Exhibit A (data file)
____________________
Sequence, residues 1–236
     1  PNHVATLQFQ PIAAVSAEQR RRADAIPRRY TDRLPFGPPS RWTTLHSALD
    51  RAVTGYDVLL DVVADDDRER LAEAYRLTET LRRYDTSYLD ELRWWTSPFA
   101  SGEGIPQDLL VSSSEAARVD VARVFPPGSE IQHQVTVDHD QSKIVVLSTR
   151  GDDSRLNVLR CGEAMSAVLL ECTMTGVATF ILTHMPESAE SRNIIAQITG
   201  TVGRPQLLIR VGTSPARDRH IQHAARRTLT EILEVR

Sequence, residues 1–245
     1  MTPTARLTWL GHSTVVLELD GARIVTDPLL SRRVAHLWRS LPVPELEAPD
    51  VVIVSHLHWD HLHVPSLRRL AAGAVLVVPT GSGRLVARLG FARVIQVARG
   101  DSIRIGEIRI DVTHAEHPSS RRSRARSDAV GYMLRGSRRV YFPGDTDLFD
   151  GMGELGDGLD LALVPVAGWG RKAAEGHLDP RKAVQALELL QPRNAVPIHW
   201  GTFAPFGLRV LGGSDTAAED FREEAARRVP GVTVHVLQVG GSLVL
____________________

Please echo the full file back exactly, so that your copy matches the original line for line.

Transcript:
Sequence, residues 1–236
     1  PNHVATLQFQ PIAAVSAEQR RRADAIPRRY TDRLPFGPPS RWTTLHSALD
    51  RAVTGYDVLL DVVADDDRER LAEAYRLTET LRRYDTSYLD ELRWWTSPFA
   101  SGEGIPQDLL VSSSEAARVD VARVFPPGSE IQHQVTVDHD QSKIVVLSTR
   151  GDDSRLNVLR CGEAMSAVLL ECTMTGVATF ILTHMPESAE SRNIIAQITG
   201  TVGRPQLLIR VGTSPARDRH IQHAARRTLT EILEVR

Sequence, residues 1–245
     1  MTPTARLTWL GHSTVVLELD GARIVTDPLL SRRVAHLWRS LPVPELEAPD
    51  VVIVSHLHWD HLHVPSLRRL AAGAVLVVPT GSGRLVARLG FARVIQVARG
   101  DSIRIGEIRI DVTHAEHPSS RRSRARSDAV GYMLRGSRRV YFPGDTDLFD
   151  GMGELGDGLD LALVPVAGWG RKAAEGHLDP RKAVQALELL QPRNAVPIHW
   201  GTFAPFGLRV LGGSDTAAED FREEAARRVP GVTVHVLQVG GSLVL